Shaw’s Sleepers: Kenneth Lofton Jr. is building his own legacy

Louisiana Tech forward Kenneth Lofton Jr. has evolved into a star worthy of national attention.

Still in uniform, Kenneth Lofton Jr. exits the Louisiana Tech locker room, fresh off career-highs of 36 points and 18 rebounds. The Bulldogs are on a time crunch, having to be at the airport in an hour to fly out of Raleigh-Durham.

Based on the eye test, Lofton is an unlikely basketball superstar. The Louisiana Tech media guide lists the sophomore at 6-7 and 275 pounds, a frame that screams more ‘dad bod’ than USA gold medalist. However, the below-the-rim post player has evolved into a basketball superstar and one of college basketball’s most unguardable players.

“I’m from Texas. I hate this cold weather here.”

—CBB player rankings: Lofton ranks 72nd
—RANKINGS: Top 25 | Mid-major Top 25
—BRACKETOLOGY: Latest field of 68 projections

Lofton’s upbringing

Lofton went to high school in Port Arthur, Texas — a town of 53,000 located 90 miles east of Houston along the Louisiana border. The city has produced numerous NFL talents — including Hall of Fame coach Jimmy Johnson — and other A-listers in Janis Joplin, Stephen Jackson and the rap group UGK.

He was a lightly recruited player coming out of Memorial High School, carrying a handful of mid-major offers. Many programs had questions about his unique game, though, despite his undeniable scoring ability. However, Lofton’s frame and lacking defense caused division within college coaching staffs about how his game would translate.

“I have had a chip on my shoulder since high school,” Lofton told Heat Check CBB after his career performance at NC State. “I didn’t get offered by any high majors really out of high school, so I ended up coming to Louisiana Tech because it was the best fit for me.”

Lofton’s Louisiana Tech legacy

Louisiana Tech has built itself a reputation for producing NBA-caliber bigs, including Hall of Fame power forward Karl Malone and fellow pros Paul Millsap, PJ Brown, Erik McCree and Randy White.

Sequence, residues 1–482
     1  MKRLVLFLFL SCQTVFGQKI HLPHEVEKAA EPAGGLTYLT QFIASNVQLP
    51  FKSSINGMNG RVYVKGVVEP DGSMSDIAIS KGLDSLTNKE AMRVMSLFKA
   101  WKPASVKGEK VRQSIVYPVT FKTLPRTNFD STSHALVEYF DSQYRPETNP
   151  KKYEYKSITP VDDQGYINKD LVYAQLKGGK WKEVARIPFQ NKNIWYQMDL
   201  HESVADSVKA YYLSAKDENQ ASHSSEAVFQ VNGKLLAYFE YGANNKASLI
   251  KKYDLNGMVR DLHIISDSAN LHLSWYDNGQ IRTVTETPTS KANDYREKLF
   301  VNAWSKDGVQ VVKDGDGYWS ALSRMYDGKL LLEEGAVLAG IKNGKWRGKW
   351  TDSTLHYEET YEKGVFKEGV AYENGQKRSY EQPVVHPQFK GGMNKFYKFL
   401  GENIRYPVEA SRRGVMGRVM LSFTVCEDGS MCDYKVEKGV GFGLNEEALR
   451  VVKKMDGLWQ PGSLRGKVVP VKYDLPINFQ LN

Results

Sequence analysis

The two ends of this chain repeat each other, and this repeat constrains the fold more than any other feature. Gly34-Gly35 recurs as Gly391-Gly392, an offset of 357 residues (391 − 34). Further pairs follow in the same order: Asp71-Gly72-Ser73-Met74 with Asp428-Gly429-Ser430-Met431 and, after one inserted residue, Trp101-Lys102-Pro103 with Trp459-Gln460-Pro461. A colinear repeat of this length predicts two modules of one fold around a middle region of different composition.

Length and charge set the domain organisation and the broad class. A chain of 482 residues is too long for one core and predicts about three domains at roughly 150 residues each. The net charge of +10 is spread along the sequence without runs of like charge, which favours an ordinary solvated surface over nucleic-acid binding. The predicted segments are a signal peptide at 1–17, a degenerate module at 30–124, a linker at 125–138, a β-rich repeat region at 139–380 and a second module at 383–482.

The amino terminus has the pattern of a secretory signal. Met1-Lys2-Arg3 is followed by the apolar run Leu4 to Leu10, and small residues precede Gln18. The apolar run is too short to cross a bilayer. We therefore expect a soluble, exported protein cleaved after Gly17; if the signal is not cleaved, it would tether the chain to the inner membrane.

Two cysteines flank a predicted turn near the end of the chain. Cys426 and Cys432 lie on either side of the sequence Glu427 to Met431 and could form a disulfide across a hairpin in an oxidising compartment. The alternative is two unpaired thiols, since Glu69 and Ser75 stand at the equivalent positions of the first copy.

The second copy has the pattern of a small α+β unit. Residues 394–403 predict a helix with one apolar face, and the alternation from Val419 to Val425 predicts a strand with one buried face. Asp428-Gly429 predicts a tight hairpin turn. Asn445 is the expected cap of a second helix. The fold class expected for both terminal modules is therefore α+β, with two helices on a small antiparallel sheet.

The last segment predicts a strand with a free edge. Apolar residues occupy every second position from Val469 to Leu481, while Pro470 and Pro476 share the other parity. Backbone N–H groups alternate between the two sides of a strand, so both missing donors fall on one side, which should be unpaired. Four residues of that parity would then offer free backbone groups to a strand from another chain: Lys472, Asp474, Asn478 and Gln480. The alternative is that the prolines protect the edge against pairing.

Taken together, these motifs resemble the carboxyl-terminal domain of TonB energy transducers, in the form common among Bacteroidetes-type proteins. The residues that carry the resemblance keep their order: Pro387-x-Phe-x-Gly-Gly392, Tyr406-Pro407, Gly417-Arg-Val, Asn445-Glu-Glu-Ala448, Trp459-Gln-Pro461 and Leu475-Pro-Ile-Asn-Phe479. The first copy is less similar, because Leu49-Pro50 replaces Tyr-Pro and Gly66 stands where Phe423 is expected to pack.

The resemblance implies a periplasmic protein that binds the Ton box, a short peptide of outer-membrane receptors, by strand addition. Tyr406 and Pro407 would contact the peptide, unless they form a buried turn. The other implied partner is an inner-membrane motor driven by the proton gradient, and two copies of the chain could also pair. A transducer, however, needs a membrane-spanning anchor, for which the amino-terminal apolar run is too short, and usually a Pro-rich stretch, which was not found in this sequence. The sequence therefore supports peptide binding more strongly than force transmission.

“I talk with Karl Malone and Paul Millsap occasionally,” Lofton said. “NCAA rules won’t let me work out with them, but I stay in touch. They talk to me about the leadership of the team. They both talk about playing against the best and tell me different things to encourage me.”

The Conference USA freshman of the year did not waste much time carving out his own legacy at Louisiana Tech. Lofton averaged 22.8 minutes per game as a freshman while leading the Bulldogs in scoring, rebounds and blocks.

“It is great having a guy who loves ball,” Louisiana Tech men’s basketball coach Eric Konkol said. “He just loves basketball, loves to play, loves his teammates, and he is addicted to getting better. He has always had good feet and hands, but he has worked to develop a lot of different things since he’s been here.”

At 275 pounds, with soft hands and a dancer’s feet, Lofton has proven to be a tough assignment on the block. Lofton moves well, finds his spots on the floor and uses his lower half to seal off players and create angles. He also uses his catching ability to receive entry passes at all angles and shoot from numerous spots on the floor.